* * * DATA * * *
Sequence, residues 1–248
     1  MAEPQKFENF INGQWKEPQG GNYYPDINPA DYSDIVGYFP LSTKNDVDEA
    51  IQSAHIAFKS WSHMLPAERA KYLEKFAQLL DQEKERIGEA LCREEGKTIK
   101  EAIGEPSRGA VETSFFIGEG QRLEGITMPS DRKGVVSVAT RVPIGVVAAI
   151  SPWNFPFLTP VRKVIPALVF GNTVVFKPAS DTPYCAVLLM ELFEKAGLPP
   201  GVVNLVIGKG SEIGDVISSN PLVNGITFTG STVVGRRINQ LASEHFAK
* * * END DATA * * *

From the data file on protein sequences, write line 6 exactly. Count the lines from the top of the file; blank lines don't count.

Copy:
   201  GVVNLVIGKG SEIGDVISSN PLVNGITFTG STVVGRRINQ LASEHFAK